Astronomers have succeeded in merging five pairs of supermassive black holes by combining data from observatory telescopes. This merger is believed to be the greatest opportunity for the scientists to view the growth of giant black holes. The gravitational waves signals produced from it would be the strongest ever experienced by the researchers.
NASA's Chandra X-ray Observatory, the Wide-Field Infrared Survey Explorer (WISE), the ground-based Large Binocular Telescope in Arizona, and the Sloan Digital Sky Survey (SDSS) Mapping Nearby Galaxies at APO (MaNGA) survey made the crucial discovery for space science.
Shobita Satyapal, a lead researcher from the George Mason University in Fairfax, Virginia said, "Astronomers find single supermassive black holes all over the Universe. But even though we've predicted they grow rapidly when they are interacting, growing dual supermassive black holes have been difficult to find."
The researchers say that each black hole among these five pairs has masses which are millions of times the mass of the sun. The black hole couples are formed when two galaxies merge to form a larger galaxy. It brings their gigantic black holes to pair at the center of the newly formed galaxy. Giant Black holes are known to be located at the center of the galaxies.
The researchers of the Sloan Digital Sky Survey (SDSS) identified merger of two smaller galaxies using their optical data from the Galaxy Zoo Project, which studies the galaxy formations. They selected galaxies which are separated in less than 30,000 light years using the SDSS data. Infrared data from the WISE was used to predict the rapidly growing massive black holes.
They found that seven merging systems contained at least one massive black hole in its center. The research team led by Shobita Satyapal at the Chandra X-ray Observatory found five galaxy systems which had closely separated paired X-ray sources. These X-ray sources were indeed the paired black holes which were in the process of their merger. Chandra's data also showed that merging black holes contain large amounts of dust and gas.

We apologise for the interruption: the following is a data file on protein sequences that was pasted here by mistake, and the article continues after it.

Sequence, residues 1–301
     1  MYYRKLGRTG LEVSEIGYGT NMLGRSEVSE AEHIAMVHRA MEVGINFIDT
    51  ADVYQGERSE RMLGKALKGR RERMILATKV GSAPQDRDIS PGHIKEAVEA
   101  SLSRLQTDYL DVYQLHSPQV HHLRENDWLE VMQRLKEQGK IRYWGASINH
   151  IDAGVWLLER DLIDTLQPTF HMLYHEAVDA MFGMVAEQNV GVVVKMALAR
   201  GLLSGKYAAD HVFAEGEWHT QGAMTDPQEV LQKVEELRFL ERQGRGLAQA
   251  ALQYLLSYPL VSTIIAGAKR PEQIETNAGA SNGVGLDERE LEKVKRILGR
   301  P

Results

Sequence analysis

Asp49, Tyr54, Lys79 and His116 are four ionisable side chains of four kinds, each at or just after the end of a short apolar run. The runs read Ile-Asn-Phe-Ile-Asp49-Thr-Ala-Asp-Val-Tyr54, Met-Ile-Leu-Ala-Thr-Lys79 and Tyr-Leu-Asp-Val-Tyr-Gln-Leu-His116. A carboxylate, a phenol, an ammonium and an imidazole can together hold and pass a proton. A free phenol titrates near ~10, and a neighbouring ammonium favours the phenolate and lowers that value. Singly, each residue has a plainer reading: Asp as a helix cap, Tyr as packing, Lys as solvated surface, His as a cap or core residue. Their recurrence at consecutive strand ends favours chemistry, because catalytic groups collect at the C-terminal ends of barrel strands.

Sara Ellison of the University of Victoria in Canada, who led a research, said, "Our work shows that combining the infrared selection with X-ray follow-up is a very effective way to find these black hole pairs. X-rays and infrared radiation are able to penetrate the obscuring clouds of gas and dust surrounding these black hole pairs, and Chandra's sharp vision is needed to separate them."
The MaNGA survey had also helped in finding a new pair of black holes. Research paper of Sara Ellison states that it had one of the most powerful black holes observed.
Laser Interferometer Gravitational-Wave Observatory (LIGO) and the VIRGO interferometer had earlier detected signals from smaller black holes which weighed between 8 and 36 times the mass of the Sun.
The merging of supermassive black holes would generate large quantities of energy. Some of the masses would be converted to huge volumes of gravitational waves. Gravitational waves would be produced when the black holes move nearer.
The detection of gravitational waves has significant importance in the astronomical studies. The merger of the neutron stars was observed recently by scientists through detection of these gravitational waves. Scientists said that this neutron star merger has resulted in the formation of a black hole. The Nobel Prize 2017 for Physics was awarded to Rainer Weiss, Barry C. Barish, and Kip S. Thorne for detection of the gravitational waves.
Shobita Satyapal said, "It is important to understand how common supermassive black hole pairs are, to help in predicting the signals for gravitational wave observatories. With experiments already in place and future ones coming online, this is an exciting time to be researching merging black holes. We are in the early stages of a new era in exploring the Universe."